Announcing My 2021 Movie Retrospective: The Films of Frank Capra

The director of my current choice for “favorite movie of all time” was a paradigmatic American success story: a Sicilian immigrant who rose through the ranks of a booming industry thanks to hard work and talent. After honing his skills in the anarchic world of silent comedy, he came into his own as an artist with the arrival of sound, helping to set the template for the era’s defining genre, the screwball. Long before the auteur theory was articulated, he got his “name above the title” (as his later autobiography would boast) with the rare combination of popular and critical success, earning three Best Director Oscars before the ceremony turned ten years old. His growing conviction that so much cultural power should be put to responsible ends eventually led him to Washington, D.C. when the United States joined World War II. There he oversaw the military’s documentary program, producing a series of films meant to teach and boost the morale of the boys on their way to the inferno. These films, too, were highly praised. But after the war, his fortunes turned. An effort to start an independent production company outside the purview of the studio system fizzled, and his output gradually slowed. He spent his final working decades embittered by a changing society. His cultural relevance today stands mostly on the annual mega-ritual called Christmas, which causes his most famous film to be regularly rediscovered and reconsidered. It helps that the film in question is a complicated text, rich enough to be embraced by both the political left and right, Christians and skeptics alike. Having lived the American Dream, he opened up the idea to see what, if anything, was inside it.

The man, of course, is Frank Capra. Between 1926 and 1961, he directed 48 feature films (counting the seven Why We Fight wartime films, which run between 41 and 82 minutes in length, and also counting the three educational television specials he directed in the mid-1950s, which are each a bit less than an hour). Two of his early films, For the Love of Mike and Say It with Sables, are considered lost, while two others don’t seem to have been made available either on disc or online. (The Way of the Strong, from 1928, was screened at a Capra retrospective at Harvard in 2014, and The Donovan Affair, from 1929, has played at festivals under unusual conditions; namely, live dubbing, as the soundtrack to this 100% talking picture is kaput.) Therefore, I will be watching 44 of Capra’s films (along with the five available short films he directed) in chronological order starting January 1. This means that I’ll be watching It’s a Wonderful Life in early February, which will be a new experience.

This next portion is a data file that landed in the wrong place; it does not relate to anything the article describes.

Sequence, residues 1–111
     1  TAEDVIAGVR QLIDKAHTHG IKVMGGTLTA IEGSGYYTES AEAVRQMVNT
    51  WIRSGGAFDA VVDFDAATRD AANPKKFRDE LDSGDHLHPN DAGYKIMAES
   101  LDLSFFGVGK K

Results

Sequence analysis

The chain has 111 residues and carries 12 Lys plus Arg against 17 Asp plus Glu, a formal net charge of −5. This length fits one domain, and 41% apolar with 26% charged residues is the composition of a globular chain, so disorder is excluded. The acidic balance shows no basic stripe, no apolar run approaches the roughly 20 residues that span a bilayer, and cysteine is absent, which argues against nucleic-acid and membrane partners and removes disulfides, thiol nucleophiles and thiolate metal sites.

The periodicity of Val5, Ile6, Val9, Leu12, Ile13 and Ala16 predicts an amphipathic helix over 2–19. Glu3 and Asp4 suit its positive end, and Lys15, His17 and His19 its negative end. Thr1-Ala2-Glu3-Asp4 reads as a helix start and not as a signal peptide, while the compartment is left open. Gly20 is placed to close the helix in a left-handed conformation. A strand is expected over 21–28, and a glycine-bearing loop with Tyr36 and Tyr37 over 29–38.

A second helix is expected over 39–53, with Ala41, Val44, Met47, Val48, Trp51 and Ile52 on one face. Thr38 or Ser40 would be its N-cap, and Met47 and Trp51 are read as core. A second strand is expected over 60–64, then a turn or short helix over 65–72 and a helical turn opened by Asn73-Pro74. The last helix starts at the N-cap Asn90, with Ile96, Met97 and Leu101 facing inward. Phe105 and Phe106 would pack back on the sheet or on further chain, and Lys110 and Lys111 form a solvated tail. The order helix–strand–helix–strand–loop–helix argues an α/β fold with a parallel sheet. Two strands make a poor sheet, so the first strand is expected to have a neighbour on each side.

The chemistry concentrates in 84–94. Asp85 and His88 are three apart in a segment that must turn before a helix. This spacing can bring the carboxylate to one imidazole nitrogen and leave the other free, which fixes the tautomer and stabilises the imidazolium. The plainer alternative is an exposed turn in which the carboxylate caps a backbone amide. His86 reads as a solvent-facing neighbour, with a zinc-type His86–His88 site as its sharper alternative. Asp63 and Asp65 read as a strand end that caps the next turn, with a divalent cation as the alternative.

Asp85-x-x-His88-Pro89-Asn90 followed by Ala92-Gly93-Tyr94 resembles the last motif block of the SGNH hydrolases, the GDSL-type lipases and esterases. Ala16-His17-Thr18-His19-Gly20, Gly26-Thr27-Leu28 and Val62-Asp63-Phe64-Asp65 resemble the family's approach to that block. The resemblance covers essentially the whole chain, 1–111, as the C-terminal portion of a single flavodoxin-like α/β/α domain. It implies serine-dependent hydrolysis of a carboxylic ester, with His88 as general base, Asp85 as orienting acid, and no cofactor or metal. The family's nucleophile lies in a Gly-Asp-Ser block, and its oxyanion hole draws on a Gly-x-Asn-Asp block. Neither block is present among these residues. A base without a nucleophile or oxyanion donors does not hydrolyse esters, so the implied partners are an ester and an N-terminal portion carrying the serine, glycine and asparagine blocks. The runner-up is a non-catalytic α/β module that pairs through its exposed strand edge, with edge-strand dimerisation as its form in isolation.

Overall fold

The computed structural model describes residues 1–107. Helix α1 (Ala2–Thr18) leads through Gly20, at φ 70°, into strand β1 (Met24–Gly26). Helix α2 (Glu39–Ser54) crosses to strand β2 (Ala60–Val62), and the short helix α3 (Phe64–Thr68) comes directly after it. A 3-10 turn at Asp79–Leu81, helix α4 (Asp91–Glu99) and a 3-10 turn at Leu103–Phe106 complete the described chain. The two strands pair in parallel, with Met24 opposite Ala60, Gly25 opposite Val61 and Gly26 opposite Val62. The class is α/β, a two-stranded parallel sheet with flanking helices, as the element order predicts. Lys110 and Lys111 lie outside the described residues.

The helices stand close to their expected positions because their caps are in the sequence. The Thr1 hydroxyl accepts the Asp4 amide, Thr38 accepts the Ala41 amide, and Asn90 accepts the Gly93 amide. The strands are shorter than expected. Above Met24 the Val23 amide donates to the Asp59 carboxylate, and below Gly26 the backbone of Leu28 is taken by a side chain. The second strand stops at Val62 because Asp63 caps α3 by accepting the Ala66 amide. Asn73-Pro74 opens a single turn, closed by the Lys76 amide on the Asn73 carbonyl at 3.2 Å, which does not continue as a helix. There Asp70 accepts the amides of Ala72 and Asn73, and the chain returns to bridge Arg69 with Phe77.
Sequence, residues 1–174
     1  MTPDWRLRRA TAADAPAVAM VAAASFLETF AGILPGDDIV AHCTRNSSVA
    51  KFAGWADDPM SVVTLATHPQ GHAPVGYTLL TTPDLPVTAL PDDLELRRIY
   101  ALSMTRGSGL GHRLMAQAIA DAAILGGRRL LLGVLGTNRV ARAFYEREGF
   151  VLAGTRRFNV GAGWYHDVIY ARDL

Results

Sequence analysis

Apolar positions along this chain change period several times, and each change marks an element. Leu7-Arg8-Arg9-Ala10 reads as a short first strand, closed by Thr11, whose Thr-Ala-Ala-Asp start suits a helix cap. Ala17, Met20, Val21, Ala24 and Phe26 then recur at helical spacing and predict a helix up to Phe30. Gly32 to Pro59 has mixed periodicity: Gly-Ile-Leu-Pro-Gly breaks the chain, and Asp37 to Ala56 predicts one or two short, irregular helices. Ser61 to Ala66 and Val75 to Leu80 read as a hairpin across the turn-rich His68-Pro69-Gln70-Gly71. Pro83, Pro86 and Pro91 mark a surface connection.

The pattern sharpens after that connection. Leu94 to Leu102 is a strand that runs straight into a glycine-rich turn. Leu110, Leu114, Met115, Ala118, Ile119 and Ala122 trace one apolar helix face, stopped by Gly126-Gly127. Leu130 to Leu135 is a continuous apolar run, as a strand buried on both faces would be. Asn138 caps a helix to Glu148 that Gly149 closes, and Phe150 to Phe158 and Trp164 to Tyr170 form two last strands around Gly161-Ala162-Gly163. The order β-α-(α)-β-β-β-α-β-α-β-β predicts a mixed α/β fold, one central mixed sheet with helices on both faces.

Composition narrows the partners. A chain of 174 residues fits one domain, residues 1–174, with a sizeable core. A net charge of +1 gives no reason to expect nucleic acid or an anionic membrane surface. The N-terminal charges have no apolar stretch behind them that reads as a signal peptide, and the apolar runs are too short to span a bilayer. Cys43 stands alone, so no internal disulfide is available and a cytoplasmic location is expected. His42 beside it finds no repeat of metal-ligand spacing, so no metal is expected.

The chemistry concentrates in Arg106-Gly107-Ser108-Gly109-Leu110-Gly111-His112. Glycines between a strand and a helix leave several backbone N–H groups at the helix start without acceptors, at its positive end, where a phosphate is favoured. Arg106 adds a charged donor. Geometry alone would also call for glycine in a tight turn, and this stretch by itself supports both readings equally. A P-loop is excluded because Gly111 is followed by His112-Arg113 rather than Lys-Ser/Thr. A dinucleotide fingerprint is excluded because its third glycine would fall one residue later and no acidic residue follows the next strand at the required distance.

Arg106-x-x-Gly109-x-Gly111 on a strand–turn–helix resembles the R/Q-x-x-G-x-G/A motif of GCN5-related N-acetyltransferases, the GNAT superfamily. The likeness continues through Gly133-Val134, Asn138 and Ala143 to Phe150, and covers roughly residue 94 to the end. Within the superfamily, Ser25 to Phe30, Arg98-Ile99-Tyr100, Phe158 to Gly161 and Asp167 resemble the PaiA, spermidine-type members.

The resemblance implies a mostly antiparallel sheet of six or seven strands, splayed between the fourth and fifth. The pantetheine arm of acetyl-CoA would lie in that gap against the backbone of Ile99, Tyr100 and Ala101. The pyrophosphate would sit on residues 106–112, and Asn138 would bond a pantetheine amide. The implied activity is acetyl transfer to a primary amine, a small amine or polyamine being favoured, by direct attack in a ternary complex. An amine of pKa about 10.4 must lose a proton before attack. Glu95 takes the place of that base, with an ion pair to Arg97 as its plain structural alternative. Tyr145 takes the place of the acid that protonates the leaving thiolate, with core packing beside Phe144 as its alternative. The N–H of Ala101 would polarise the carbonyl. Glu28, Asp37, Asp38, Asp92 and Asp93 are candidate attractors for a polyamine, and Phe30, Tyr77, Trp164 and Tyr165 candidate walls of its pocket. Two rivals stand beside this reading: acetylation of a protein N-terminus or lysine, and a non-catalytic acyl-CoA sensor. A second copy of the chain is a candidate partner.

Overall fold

In fact, much of this will be new, as always with my yearly retrospectives. At this point, I’ve seen only ten of those 44. That includes all the major films from the mid-30s on, but only two of the 18 available films released prior to It Happened One Night (1934). I am most excited to explore Capra’s contributions to the pre-Code era. Those movies certainly seem more fun than what I imagine to be the uncomplicated motivational energy of the wartime films. (I’m prepared to be proven wrong!) I’ll be studying those nonfiction films side-by-side with the Everyman parables starring Gary Cooper and James Stewart on which Capra’s artistic reputation either lives or dies. There will be unavoidable forays into the realm of politics, as I look into just how a lifelong Republican became a king in Hollywood during the presidency of FDR. And I will hope to find some value in those mostly forgotten final films. The end of Capra’s career differs significantly from the other two directors I’ve chosen for retrospectives. Buñuel went out with a handful of internationally-produced masterpieces. Spielberg, of course, isn’t finished yet, but he remains productive and accomplished into his seventies. It’s impossible to imagine him fading away like Capra did. However unfashionable he may be now, though, Capra remains important — particularly to me. I look forward to putting It’s a Wonderful Life in its full context.

This is the list of films I’ll be watching, along with their years of release.

The Strong Man – 1926

Long Pants – 1927

That Certain Thing – 1928

So This Is Love? – 1928

The Matinee Idol – 1928

The Power of the Press – 1928

Submarine – 1928

The Younger Generation – 1929

Flight – 1929

Ladies of Leisure – 1930

Rain or Shine – 1930

Dirigible – 1931

The Miracle Woman – 1931

Platinum Blonde – 1931

Forbidden – 1932

American Madness – 1932

The Bitter Tea of General Yen – 1933

Lady for a Day – 1933

It Happened One Night – 1934

Broadway Bill – 1934

Mr. Deeds Goes to Town – 1936

Lost Horizon – 1937

You Can’t Take It with You – 1938

Mr. Smith Goes to Washington – 1939

Meet John Doe – 1941

Why We Fight – 1942-1945

  • Prelude to War – 1942
  • The Nazis Strike – 1943
  • Divide and Conquer – 1943
  • The Battle of Britain – 1943
  • The Battle of Russia – 1943
  • The Battle of China – 1944
  • War Comes to America – 1945

Tunisian Victory – 1944

Arsenic and Old Lace – 1944

Know Your Enemy: Japan – 1945

It’s a Wonderful Life – 1946

State of the Union – 1948

Riding High – 1950

Here Comes the Groom – 1951

The Bell System Science Series – 1956-1957

  • Our Mr. Sun – 1956
  • Hemo the Magnificent – 1957
  • The Strange Case of the Cosmic Rays – 1957

A Hole in the Head – 1959

Pocketful of Miracles – 1961

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